While it is necessary to preserve an individual’s freedom to know God’s grace and be empowered for ministry, this freedom should not form the foundation of the Vineyard Church’s praxis of baptism and the Lord’s Supper. These sacred actions invite the church into deeper life with the Triune God who exists as perfect communion. The Parent, Child, and Spirit are not individuals, but persons. The person is inconceivable apart from a mutual relationship with another in which both identities have freely chosen to affirm the absolutely unique otherness they see in each other. The life of the Trinity reveals a kind of freedom that is for another; a freedom that is “identical with love.”[12] The reality of God’s Triune life reveals a way to preserve personal integrity without compromising community through individualism. If the praxis of baptism and the Lord’s Suppers in the Vineyard Church is to be an acceptable act of worship to the Triune God, it cannot be a private, individualistic act. Rather, these acts should be performed as signs which point to all the ways in which God pours out grace through the mutual, reciprocal, loving relationships in the life of a local faith community.

I believe this praxeological shift will require the Vineyard Church to allow for a more sacramental theological understanding of baptism and the Lord’s Supper. The current praxis, which places a heavy emphasis on a very individualistic doctrine of salvation, needs to be enriched by a restored doctrine of the Incarnation. In the Incarnation, the church sees that “God wills, indeed, delights in using tangible, earthy means to draw near to his [sic] image bearers.”[13] A healthy understanding of the Incarnation should remove any suspicion held towards the possibility that God’s grace could be received through physical objects like bread, wine, and water. This understanding also reminds the church of God’s communal vision for creation and of their vocation as image-bearers to “keep” the creation in a way that nurtures and protects the ability of all created things to fulfill their God given purposes and come together in mutual, life-giving relationships.

My understanding of the praxis of baptism and the Lord’s Supper leaves room for God to be present and active in the sacred action alongside the faith of the worshiper. The freedom of the worshiper is not impeded by a sacramental theology; the worshiper has no real freedom apart from the freedom they have in God, which is not an individualistic freedom from others, but a simultaneously personal and communal freedom for and with others. This freedom is found only in communion with the Triune God who is experienced in baptism and the Lord’s Supper. While I affirm the Vineyard Church’s belief in the sacred actions as ordinances, I believe these actions are more than exercises in individual piety. I believe that God is especially present and active as the church gathers to celebrate baptism and the Lord’s Supper. God is free to communicate grace through any person and any physical means. The church should be open to receive God’s grace at all times, but especially during these sacred actions. In conclusion then, I believe I hold a moderate position on the sacrament-ordinance spectrum which could be described as a belief in “sacramental ordinances.”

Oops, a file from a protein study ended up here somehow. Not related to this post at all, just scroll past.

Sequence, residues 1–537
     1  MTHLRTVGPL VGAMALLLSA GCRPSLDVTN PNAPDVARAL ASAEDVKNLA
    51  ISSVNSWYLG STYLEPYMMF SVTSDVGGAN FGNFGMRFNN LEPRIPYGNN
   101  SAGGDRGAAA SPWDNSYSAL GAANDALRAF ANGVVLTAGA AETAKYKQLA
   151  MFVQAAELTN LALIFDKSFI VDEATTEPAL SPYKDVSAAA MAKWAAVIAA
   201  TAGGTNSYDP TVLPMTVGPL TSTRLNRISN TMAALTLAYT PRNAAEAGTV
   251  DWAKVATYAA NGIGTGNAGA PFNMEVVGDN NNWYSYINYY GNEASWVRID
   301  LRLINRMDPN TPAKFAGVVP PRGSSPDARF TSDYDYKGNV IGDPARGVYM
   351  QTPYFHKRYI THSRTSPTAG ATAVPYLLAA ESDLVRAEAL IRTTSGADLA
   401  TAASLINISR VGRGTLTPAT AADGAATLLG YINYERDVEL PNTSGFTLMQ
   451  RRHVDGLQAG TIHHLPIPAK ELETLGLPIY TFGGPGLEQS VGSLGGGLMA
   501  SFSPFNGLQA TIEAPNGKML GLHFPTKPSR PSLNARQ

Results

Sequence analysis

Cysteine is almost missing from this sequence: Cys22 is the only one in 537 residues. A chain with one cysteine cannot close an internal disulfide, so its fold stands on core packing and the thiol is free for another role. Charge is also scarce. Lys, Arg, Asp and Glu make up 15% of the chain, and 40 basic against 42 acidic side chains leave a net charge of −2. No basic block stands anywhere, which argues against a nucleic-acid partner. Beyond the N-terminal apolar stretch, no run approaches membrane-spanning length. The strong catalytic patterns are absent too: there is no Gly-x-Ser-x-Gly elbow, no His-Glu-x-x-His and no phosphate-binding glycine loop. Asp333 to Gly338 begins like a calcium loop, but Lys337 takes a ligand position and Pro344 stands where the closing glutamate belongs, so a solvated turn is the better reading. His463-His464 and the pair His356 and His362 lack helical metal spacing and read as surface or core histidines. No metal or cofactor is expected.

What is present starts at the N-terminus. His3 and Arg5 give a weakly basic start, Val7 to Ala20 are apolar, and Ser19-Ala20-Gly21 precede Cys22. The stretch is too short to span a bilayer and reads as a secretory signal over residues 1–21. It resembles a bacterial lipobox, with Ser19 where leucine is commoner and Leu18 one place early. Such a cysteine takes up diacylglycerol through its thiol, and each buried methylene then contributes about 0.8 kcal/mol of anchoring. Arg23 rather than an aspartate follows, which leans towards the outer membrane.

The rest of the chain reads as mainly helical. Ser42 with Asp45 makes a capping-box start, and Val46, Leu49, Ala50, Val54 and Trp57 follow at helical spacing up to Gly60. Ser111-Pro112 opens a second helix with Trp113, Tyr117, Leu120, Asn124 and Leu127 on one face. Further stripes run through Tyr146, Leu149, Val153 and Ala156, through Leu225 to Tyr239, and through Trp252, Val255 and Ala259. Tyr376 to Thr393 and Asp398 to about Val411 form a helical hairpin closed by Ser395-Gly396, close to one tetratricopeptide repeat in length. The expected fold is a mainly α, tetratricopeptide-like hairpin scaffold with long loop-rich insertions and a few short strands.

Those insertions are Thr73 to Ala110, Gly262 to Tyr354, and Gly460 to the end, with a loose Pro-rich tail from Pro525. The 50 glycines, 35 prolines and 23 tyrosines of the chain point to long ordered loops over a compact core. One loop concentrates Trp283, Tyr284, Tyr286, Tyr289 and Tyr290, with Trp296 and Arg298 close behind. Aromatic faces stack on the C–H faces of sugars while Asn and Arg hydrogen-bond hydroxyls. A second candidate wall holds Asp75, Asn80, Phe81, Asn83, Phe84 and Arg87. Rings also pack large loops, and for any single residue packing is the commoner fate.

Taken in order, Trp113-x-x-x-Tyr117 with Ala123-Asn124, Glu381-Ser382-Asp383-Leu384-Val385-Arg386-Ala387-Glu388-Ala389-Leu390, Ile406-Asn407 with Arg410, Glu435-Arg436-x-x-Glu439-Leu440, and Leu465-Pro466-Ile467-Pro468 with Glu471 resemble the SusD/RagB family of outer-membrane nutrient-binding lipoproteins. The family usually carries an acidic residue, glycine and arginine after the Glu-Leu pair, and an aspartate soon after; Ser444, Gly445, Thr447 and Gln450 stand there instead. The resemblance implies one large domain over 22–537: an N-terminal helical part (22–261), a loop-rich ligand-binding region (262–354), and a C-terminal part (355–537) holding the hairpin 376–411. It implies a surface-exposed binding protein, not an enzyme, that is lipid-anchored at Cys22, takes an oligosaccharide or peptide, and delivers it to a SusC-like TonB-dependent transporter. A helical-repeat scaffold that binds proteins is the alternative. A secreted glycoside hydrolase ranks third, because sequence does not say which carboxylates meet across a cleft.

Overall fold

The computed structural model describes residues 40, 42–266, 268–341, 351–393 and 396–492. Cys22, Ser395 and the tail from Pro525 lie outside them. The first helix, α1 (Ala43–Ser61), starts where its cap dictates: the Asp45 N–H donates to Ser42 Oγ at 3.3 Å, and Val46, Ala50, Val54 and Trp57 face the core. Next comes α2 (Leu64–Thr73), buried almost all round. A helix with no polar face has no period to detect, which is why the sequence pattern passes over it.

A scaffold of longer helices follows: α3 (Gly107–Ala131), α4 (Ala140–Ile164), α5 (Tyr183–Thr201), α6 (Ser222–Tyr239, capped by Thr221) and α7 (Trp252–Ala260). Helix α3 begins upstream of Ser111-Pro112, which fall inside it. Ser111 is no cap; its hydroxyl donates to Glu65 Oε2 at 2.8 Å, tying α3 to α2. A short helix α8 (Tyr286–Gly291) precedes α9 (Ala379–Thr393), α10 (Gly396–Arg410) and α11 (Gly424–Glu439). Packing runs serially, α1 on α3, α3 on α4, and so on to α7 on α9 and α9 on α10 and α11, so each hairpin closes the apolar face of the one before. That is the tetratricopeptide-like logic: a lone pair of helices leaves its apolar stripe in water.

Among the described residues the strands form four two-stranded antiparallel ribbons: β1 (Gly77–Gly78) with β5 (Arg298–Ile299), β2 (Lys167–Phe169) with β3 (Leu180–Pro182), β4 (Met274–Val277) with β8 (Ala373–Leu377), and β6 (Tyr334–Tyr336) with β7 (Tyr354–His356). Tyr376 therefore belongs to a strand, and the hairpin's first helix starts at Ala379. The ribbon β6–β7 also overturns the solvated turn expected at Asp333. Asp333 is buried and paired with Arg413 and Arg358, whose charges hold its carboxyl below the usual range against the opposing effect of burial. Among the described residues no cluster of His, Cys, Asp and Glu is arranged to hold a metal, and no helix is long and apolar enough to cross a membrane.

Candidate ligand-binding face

[1] The Vineyard Church USA states in their pamphlet of core values and beliefs: “We believe that Jesus Christ committed two ordinances to the Church: water baptism and the Lord’s Supper. Both are available to all believers.” A hard copy of this statement is attached.

[2] Wonsuk Ma, “A ‘First Waver’ Looks at the ‘Third Wave’: A Pentecostal Reflection on Charles Kraft’s Power Encounter Terminology,” PNEUMA: The Journal of the Society for Pentecostal Studies 19, no. 2 (Fall 1997): 189.

[3] Donald E. Miller, “Routinizing Charisma: The Vineyard Christian Fellowship in the Post-Wimber Era,” PNEUMA: The Journal of the Society for Pentecostal Studies 25, no. 2 (Fall 2003): 219.

[4] Robert E. Webber, Worship Old and New (Grand Rapids, MI: Zondervan, 1994), 114.

[5] Ibid.

[6] Ibid., 112.

[7] Ibid., 112, 114-115.

[8] Amos Yong, “Sacraments and Ordinances,” in Encyclopedia of Pentecostal and Charismatic Christianity, ed. Stanley M. Burgess (New York: Routledge Taylor & Francis Group, 2006), 345.

[9] Ibid., 346.

[10] Webber, 245.

[11] Rev. Larry Ellis, “Baptists (Evangelical Denominations and Independent Baptist Churches),” in The Complete Library of Christian Worship: The Sacred Actions of Christian Worship, ed. Robert Webber, Vol. 6 (Peabody, MA: Hendrickson Publishers, 1993), 8.

[12] John Zizioulas, “Communion and Otherness,” St. Vladimir’s Theological Quarterly 38, no. 4 (1994): 358.

[13] Christopher A. Hall, Worshipping with the Church Fathers (Downers Grove, IL: InterVarsity Press, 2009), loc 140, Kindle edition.

Participating in the Triune Persons: An Oikonomic Critique of Paul Fiddes and Subsistent Relations